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Ecosystem simulation models are valuable tools for strengthening and promoting ecosystem-based fisheries management (EBFM). However, utility of these models in practical fisheries management is often undermined by lack of simple means to test the effect of uncertainty on model outputs. Recently, the use of multiple ecosystem models has been recommended as an ‘insurance’ against effects of uncertainty that comes with modelling complex systems. The assumption is that if models with different structure and formulation give consistent results, then, policy prescriptions are robust (i.e. less sensitive to model choice). However, information on the behaviour of trends from structurally-distinct ecosystem models with respect to changes in fishing conditions is limited, especially for freshwater systems. In this study, we compared outputs of two ecosystem models, Ecopath with Ecosim (EwE) and Atlantis, for Lake Victoria under different fishing pressure scenarios. We compared model behaviour at the ecosystem level, and also at a level of functional groups. At functional group level, we determined two questions: what is the change in the targeted group, and what are the consequent effects in other parts of the system? Overall results suggest that different model formulations can provide similar qualitative predictions (direction of change), especially for targeted groups with similar trophic interactions and adequate data for parameterization and calibration. However, considerable variations in predictions (where models predict opposite trends) may also occur due to inconsistencies in the strength of the aggregate multispecies interactions between species and models, and not necessarily due to model detail and complexity. Therefore, with more information and data, especially on diet, and comparable representation of feeding interactions across models, ecosystem models with distinct structure and formulation can give consistent policy evaluations for most biological groups.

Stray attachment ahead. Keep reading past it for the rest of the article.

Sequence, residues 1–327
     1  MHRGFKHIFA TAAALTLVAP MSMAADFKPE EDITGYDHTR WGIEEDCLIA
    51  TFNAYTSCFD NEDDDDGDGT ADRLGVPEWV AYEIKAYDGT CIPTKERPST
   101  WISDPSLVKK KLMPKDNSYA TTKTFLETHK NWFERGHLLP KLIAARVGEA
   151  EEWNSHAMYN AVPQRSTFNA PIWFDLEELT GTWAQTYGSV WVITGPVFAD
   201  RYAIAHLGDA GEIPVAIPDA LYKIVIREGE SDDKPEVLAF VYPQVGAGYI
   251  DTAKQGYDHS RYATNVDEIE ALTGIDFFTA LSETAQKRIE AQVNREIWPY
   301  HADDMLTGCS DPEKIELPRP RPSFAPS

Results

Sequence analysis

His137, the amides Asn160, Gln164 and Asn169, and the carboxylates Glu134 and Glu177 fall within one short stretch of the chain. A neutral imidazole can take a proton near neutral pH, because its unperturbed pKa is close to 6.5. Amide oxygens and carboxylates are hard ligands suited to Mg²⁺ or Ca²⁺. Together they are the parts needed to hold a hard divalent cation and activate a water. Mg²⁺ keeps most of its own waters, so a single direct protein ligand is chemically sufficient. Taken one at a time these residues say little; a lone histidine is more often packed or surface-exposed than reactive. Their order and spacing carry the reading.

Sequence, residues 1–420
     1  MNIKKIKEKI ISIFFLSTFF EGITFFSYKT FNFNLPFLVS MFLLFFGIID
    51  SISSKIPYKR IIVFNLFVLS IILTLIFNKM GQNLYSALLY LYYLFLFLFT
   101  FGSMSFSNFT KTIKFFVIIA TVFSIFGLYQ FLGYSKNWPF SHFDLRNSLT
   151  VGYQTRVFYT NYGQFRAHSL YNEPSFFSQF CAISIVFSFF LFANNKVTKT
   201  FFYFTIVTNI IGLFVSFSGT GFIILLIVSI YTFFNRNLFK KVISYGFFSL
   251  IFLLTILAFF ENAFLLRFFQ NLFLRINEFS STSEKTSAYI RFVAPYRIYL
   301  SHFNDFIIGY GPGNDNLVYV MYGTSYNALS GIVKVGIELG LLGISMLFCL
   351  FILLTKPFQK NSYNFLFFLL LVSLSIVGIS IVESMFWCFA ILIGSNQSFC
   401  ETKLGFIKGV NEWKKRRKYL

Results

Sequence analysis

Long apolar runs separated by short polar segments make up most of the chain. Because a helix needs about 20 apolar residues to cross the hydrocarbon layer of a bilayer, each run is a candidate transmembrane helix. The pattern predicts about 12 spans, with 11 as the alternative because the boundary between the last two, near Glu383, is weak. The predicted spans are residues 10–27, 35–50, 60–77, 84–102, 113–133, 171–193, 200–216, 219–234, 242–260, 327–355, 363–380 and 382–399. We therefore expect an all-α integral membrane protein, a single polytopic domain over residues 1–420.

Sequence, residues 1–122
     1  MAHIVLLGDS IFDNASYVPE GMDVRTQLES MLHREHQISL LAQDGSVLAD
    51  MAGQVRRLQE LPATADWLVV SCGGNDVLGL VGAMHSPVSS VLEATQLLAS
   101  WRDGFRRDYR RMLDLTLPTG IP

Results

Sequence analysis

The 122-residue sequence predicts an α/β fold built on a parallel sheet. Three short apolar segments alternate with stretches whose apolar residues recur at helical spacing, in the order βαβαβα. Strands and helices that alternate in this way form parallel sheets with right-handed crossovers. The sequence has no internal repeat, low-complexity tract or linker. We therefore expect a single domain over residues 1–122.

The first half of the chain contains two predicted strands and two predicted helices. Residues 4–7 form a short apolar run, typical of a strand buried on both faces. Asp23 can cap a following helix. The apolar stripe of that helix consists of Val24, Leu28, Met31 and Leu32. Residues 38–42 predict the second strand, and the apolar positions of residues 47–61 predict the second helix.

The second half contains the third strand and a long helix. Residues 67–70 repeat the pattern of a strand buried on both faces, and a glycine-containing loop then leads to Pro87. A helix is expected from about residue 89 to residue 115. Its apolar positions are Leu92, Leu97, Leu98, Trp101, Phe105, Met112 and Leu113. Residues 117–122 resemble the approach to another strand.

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bioRxiv, art. 489260

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